Tonewood Study
Madfish
Apr 1 2019, 11:19 AM
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From: Poland
Has anyone seen this study? What do you think?

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This post has been edited by Madfish: Apr 1 2019, 11:27 AM
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klasaine
Apr 1 2019, 11:45 PM
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From: Los Angeles, CA
Eh. Yes and no.

1) Good guitars can of course be made from non-endangered wood. We've known that for decades now and in fact ALL the major manufacturers stopped using Brazilian Rosewood in the 70s and 80s.

2) Who did the sonic testing?

3) On a brand new guitar it's very difficult for anyone, except maybe some top luthiers, to hear a significant difference on a well made but 'new' guitar.

4) Actually the top and it's bracing have a ton to do with the sound. As much as the back. But, the top, the sides, the back, the bracing, etc. all have an impact on tone, and that is constantly being tweaked by designers and builders. Martin has their X pattern, Taylor has their V bracing, etc. Everyone thinks that 'they' do it best. Whatever. They all sound good and yet unique.

5) Instrument makers are the least of the problem in the 'rare' wood arena. Furniture makers are the prime offenders.

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This post has been edited by klasaine: Apr 1 2019, 11:50 PM
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Todd Simpson
Apr 2 2019, 05:52 AM
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Let's all make guitars out of Endagered spotted Koa that only grows on one island in Hawaii!!! smile.gif I'm kidding of course. Ken's right, as always. It's the Furniture people and mansion builders soaking up th e rare woods as they are the high profit items.

I've had all kinds of woods on guitars. I did like some of the heavy woods for sustain, but then again I've had guitars like my rg560 that are basswood which is just a soft, cheap, wood that is abundant, and it has plenty of sustain. smile.gif


QUOTE (klasaine @ Apr 1 2019, 06:45 PM) *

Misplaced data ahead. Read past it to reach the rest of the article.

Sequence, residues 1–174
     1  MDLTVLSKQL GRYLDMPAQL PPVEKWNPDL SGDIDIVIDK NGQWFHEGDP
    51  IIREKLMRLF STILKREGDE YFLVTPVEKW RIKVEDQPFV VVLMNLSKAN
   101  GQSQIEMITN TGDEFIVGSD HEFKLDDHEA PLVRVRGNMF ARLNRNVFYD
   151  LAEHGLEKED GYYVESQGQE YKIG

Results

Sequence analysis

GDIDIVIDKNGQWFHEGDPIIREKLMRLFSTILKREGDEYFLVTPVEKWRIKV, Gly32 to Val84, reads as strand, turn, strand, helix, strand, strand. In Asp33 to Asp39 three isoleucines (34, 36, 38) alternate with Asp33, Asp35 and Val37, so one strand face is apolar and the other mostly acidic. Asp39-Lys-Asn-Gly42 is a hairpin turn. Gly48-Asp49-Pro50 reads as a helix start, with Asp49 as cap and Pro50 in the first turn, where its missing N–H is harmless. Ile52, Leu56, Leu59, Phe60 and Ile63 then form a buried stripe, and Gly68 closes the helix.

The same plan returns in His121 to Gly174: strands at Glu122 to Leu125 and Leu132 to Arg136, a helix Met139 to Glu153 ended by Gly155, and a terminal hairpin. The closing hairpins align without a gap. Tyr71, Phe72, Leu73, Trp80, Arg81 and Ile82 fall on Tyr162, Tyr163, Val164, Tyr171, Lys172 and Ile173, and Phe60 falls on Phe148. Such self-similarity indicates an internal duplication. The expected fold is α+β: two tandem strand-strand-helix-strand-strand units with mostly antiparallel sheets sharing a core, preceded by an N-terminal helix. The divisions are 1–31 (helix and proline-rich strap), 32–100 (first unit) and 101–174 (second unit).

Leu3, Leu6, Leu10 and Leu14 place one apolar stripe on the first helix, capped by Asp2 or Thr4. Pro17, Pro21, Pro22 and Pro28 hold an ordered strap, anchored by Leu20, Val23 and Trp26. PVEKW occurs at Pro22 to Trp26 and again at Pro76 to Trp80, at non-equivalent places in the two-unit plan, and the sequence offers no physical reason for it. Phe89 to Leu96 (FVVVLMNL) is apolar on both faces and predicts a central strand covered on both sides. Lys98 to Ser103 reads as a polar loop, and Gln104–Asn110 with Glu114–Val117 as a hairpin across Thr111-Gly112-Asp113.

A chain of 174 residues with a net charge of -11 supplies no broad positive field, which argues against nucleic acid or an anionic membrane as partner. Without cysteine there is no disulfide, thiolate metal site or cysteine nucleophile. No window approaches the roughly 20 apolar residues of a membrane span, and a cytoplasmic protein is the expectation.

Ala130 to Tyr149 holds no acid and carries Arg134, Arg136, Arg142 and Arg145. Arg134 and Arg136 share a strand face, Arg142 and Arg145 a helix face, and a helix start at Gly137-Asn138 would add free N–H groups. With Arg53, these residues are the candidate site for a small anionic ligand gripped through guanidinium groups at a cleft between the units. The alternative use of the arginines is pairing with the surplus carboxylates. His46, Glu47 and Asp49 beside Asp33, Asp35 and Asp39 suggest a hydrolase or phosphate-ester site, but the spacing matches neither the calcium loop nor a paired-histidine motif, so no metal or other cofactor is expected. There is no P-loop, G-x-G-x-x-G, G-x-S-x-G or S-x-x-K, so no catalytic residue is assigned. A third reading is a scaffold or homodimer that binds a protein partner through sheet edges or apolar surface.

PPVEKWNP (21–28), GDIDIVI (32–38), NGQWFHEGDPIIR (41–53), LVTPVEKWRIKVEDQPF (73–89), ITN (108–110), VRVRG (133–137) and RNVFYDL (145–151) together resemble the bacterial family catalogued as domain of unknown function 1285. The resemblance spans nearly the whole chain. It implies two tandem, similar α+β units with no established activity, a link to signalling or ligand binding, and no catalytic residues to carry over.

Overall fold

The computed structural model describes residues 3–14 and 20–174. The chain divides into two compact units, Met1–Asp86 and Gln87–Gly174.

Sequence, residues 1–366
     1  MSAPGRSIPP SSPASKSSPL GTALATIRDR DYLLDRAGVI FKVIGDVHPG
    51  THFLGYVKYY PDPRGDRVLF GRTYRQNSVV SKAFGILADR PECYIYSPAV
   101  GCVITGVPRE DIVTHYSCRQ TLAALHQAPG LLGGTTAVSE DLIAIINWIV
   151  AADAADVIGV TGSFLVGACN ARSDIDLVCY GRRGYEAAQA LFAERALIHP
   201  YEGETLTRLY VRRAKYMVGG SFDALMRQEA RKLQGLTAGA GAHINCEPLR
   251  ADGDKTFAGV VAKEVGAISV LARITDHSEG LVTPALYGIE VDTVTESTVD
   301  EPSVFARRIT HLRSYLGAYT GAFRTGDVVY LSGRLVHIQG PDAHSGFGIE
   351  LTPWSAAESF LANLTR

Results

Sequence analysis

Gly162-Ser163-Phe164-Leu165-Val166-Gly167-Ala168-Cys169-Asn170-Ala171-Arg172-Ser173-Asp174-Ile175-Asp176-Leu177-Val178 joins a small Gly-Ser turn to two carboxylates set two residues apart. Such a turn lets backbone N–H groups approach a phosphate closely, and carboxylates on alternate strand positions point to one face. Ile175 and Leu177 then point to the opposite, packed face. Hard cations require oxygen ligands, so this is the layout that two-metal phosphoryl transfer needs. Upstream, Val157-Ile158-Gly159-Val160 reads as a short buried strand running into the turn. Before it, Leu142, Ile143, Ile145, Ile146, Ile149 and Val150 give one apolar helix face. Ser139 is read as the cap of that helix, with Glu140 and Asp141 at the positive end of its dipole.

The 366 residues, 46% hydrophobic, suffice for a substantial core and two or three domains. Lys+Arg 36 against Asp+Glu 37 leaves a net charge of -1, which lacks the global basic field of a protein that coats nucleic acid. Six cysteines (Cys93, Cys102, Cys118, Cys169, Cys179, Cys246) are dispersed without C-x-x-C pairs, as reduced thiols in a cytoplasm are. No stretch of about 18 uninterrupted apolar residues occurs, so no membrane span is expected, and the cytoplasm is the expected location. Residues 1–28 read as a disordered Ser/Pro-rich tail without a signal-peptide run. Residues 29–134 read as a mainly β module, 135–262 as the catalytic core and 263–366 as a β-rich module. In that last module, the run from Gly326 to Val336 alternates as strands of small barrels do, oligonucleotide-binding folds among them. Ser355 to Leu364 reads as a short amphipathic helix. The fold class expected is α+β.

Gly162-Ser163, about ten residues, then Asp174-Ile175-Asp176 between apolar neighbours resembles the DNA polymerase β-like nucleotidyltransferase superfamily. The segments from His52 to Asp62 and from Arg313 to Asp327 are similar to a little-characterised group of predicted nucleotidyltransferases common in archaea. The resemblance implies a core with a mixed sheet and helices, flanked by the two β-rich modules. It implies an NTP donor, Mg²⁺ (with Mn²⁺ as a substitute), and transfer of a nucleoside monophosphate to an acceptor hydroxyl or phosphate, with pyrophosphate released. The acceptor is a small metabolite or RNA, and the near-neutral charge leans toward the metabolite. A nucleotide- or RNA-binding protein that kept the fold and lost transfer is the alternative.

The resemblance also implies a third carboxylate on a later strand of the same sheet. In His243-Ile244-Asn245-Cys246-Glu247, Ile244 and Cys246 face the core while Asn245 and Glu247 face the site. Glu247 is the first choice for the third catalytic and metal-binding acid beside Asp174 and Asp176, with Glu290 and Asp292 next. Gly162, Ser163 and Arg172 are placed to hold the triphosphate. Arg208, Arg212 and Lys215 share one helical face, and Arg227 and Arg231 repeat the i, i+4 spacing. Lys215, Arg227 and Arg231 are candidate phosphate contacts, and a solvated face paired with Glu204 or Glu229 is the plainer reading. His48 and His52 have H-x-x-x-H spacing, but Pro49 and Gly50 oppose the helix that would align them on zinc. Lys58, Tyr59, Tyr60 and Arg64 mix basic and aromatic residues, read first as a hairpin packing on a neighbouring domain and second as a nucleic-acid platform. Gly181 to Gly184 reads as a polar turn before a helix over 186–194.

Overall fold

Eh. Yes and no.

1) Good guitars can of course be made from non-endangered wood. We've known that for decades now and in fact ALL the major manufacturers stopped using Brazilian Rosewood in the 70s and 80s.

2) Who did the sonic testing?

3) On a brand new guitar it's very difficult for anyone, except maybe some top luthiers, to hear a significant difference on a well made but 'new' guitar.

4) Actually the top and it's bracing have a ton to do with the sound. As much as the back. But, the top, the sides, the back, the bracing, etc. all have an impact on tone, and that is constantly being tweaked by designers and builders. Martin has their X pattern, Taylor has their V bracing, etc. Everyone thinks that 'they' do it best. Whatever. They all sound good and yet unique.

5) Instrument makers are the least of the problem in the 'rare' wood arena. Furniture makers are the prime offenders.

You are at GuitarMasterClass.net


Don't miss today's free lick. Plus all our lessons are packed with free content!

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Mertay
Apr 2 2019, 10:15 AM
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Friend has a 2-3 year old martin with a Koa top, another friend of his has the same model but 10-15 year old mahogany top. We all liked the mahogany better in terms of tone, even non-guitar players noticed the difference easily. But it should be taken as a character thing rather than better/worse.

Electric aside, you have 100's of years of tweaking/engineering to get a sound. But when you change the material you have to almost completely throw aside the engineering and start from scratch. Such a phase to my knowledge is already happening but it should be understandable why so slowly developing (aside the market demand factor from traditionalists).

With non-collector value guitars its easy, the expensive stuff today is whats endangering the environment.

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